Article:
Motor vehicle accidents can be described as accidents on the road involving any type of motor vehicle (i.e., cars/trucks/SUVs, semi-trucks, motorcycles) and even bicyclists and pedestrians injured by motor vehicles. Compared to the other states in the U.S., Illinois isn’t that bad when it comes to car crashes, particularly those caused by drunk drivers.
Even though Illinois is one of the safest states for drivers, there are still motor vehicle accidents that happen. Some of the most common types of car accidents in Illinois are:
- Head-On Collisions
- Rear-End Collisions
- T-bone (side swipe) Accidents
These accidents all have multiple causes, and here are four of the most common causes of car accidents in the state of Illinois.
1. Reckless Driving
a) Distracted Driving
The number one cause of car accidents in Illinois and most of the U.S. is distracted driving, accounting for up to half of all crashes. The most common reason for distracted driving is texting while driving, but anything that takes the driver’s attention off of the road for even just a second is considered a distraction. This can be eating, talking to other passengers in the vehicle, applying makeup, using GPS, adjusting the radio, etc.
Driving at excessive speeds increases the risk of a crash occurring. Stopping in time to avoid an accident is much more successful when you’re driving at a slower speed than it is when driving at a higher speed. Crashes are also more serious when they occur at higher speeds.
Driver fatigue happens when drivers are physically and mentally too tired to drive, but believe that they could drive anyway. The majority of car accidents that result from fatigued drivers occur between 11:00 P.M. and 8:00 A.M. This is very common among semi-truck drivers, but drivers of other vehicles can experience fatigue as well. Many believe that they can make the drive and want to save time by doing so, but far too often this decision ends in a wreck.
3. Driving Under The Influence
The most common type of “driving under the influence” is drunk driving. Other types may include driving under the influence of drugs (both prescription and nonprescription) and any other substance that affects focus. Driving under the influence can be considered a form of reckless driving, and reckless driving leads to running stop signs and red lights, failure to maintain a lane, and many other traffic violations that can lead to car accidents.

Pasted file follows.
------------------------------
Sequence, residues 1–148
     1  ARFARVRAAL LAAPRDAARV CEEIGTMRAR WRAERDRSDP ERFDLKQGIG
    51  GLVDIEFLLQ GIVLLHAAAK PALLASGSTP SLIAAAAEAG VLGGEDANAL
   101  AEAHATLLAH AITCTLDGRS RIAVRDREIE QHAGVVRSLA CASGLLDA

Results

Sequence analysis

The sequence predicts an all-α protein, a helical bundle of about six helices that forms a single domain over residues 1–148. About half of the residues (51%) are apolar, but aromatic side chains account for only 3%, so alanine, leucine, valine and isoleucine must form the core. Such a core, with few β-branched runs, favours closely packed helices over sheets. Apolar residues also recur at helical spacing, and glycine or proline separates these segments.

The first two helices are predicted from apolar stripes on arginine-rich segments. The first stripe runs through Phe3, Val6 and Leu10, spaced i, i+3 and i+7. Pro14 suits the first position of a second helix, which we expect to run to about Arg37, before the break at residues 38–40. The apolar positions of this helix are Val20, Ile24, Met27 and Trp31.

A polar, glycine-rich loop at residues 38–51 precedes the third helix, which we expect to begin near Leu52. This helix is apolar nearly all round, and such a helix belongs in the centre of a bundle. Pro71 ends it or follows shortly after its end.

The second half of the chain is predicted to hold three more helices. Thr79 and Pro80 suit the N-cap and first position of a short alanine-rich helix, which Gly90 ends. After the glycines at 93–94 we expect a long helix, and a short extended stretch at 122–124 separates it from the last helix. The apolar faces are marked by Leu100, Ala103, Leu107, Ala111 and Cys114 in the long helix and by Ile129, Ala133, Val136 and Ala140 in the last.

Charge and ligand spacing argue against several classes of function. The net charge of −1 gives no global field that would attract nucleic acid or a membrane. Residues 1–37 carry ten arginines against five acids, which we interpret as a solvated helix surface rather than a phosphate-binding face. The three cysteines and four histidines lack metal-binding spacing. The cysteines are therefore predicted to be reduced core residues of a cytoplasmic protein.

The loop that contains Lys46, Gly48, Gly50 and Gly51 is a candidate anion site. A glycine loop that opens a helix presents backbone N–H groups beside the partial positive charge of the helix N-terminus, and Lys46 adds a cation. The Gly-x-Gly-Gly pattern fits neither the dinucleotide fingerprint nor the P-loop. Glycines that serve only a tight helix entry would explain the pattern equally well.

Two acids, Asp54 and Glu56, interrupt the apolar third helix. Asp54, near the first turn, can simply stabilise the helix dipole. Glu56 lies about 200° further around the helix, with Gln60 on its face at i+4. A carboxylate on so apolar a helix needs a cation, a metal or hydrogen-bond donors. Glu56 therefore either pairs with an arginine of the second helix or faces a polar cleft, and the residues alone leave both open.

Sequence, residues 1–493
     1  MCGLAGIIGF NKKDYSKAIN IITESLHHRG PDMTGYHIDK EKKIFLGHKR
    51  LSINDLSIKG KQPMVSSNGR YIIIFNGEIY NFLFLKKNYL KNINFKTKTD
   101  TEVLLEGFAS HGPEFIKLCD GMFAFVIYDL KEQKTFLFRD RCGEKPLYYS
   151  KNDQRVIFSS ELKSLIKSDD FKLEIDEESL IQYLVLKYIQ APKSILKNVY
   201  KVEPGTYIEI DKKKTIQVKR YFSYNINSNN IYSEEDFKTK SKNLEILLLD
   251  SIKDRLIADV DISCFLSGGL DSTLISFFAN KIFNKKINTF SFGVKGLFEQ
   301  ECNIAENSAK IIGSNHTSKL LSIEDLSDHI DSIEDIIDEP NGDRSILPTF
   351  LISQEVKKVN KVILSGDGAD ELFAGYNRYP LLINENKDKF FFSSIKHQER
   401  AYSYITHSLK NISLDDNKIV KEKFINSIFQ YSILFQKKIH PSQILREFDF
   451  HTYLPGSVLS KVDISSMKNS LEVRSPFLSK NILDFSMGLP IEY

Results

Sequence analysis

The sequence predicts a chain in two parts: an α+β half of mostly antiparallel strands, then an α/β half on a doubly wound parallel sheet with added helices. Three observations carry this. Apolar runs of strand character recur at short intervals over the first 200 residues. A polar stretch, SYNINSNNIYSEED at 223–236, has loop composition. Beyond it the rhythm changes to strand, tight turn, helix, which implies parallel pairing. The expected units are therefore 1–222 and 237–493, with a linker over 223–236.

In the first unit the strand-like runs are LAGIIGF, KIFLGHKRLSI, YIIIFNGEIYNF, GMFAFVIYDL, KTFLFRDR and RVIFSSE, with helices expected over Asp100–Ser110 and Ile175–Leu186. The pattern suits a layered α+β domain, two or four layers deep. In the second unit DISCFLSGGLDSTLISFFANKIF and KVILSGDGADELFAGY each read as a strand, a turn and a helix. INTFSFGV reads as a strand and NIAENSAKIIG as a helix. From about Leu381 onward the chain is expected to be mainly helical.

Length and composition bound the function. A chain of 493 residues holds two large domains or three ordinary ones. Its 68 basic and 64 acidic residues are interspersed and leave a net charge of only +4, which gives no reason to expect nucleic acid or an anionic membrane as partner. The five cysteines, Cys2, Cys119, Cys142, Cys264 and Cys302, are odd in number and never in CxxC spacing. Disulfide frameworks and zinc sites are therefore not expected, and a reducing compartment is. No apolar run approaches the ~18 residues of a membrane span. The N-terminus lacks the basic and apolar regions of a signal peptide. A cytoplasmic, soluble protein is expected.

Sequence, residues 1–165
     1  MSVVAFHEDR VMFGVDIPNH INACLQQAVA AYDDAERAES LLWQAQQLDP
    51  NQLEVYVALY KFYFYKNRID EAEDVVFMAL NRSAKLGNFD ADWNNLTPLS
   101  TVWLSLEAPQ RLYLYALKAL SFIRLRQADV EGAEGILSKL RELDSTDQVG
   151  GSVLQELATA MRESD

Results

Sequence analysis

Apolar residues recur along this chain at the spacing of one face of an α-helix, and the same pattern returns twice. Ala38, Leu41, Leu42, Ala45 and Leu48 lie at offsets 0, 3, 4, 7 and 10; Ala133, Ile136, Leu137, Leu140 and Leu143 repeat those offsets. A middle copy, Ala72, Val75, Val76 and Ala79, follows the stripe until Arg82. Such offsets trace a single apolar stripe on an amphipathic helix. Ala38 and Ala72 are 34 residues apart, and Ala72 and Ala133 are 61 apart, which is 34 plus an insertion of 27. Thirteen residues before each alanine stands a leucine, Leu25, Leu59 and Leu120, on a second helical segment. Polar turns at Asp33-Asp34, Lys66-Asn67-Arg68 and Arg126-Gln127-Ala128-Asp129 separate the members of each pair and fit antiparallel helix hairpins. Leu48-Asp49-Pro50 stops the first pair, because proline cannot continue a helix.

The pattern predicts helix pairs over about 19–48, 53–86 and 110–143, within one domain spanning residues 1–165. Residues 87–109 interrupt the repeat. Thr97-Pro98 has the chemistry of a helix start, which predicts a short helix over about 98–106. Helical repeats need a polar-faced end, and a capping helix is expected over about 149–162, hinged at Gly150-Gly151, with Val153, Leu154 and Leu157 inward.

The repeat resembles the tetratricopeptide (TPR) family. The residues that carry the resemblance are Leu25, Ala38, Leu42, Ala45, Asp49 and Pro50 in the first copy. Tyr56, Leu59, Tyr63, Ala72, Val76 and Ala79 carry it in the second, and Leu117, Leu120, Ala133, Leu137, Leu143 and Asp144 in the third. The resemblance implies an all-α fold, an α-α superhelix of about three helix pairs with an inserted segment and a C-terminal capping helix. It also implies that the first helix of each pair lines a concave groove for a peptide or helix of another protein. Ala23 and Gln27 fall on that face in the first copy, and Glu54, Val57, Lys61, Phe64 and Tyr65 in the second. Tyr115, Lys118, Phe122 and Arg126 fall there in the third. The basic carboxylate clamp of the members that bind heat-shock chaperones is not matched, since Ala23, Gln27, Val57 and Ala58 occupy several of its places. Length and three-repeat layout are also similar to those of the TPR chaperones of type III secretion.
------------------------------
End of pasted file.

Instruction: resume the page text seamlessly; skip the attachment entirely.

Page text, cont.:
Over 90% of all motor vehicle accidents are caused by human error, meaning that some aren’t. Here’s a look at some of the most common causes of car accidents that aren’t related to human error.
a) Dangerous Road Conditions
Dangerous road conditions, such as construction zones and potholes can also cause motor vehicle accidents if drivers aren’t exercising extra caution. Even when drivers are using extra caution in construction areas, debris can get on the road and cause popped tires, which can cause serious car accidents.
b) Inclement Weather
Illinois is known for having extreme weather conditions at times, such as tornadoes in the spring and blizzards in the winter. In addition to this, the state sees rainstorms that can result in flash floods, and all of these weather conditions can make it very dangerous to drive.
Ideally, drivers should stay off of the road when weather conditions are this severe, but rainstorms don’t keep everyone off the road. Although rain is safe to drive in, drivers should exercise more caution— although many don’t.
c) Vehicle Defects
While this isn’t one of the major causes of car accidents in Illinois, defects in the car itself can lead to serious accidents on the road. However, no matter what the cause of a car accident is, the proper steps must be taken. One of those steps should be to contact an Illinois personal injury lawyer.
Of course, if you’re ever involved in a car accident— at fault or not— the first thing that you need to do is to call the police, especially if there are any injuries and/or property damage.
Illinois requires a police report if a car crash causes death, bodily injury, or more than $1,500 worth of property damage with insurance ($500 without). You’ll also want to get checked out by a doctor, and contact a lawyer before accepting anything from your insurance company.